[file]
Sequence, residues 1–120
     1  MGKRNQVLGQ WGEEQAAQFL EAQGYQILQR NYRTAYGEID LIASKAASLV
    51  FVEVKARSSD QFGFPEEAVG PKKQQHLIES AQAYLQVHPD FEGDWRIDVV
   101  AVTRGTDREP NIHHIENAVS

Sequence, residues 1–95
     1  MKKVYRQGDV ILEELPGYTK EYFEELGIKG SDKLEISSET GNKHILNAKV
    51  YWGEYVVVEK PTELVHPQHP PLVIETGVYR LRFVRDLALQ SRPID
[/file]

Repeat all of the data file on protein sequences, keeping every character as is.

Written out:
Sequence, residues 1–120
     1  MGKRNQVLGQ WGEEQAAQFL EAQGYQILQR NYRTAYGEID LIASKAASLV
    51  FVEVKARSSD QFGFPEEAVG PKKQQHLIES AQAYLQVHPD FEGDWRIDVV
   101  AVTRGTDREP NIHHIENAVS

Sequence, residues 1–95
     1  MKKVYRQGDV ILEELPGYTK EYFEELGIKG SDKLEISSET GNKHILNAKV
    51  YWGEYVVVEK PTELVHPQHP PLVIETGVYR LRFVRDLALQ SRPID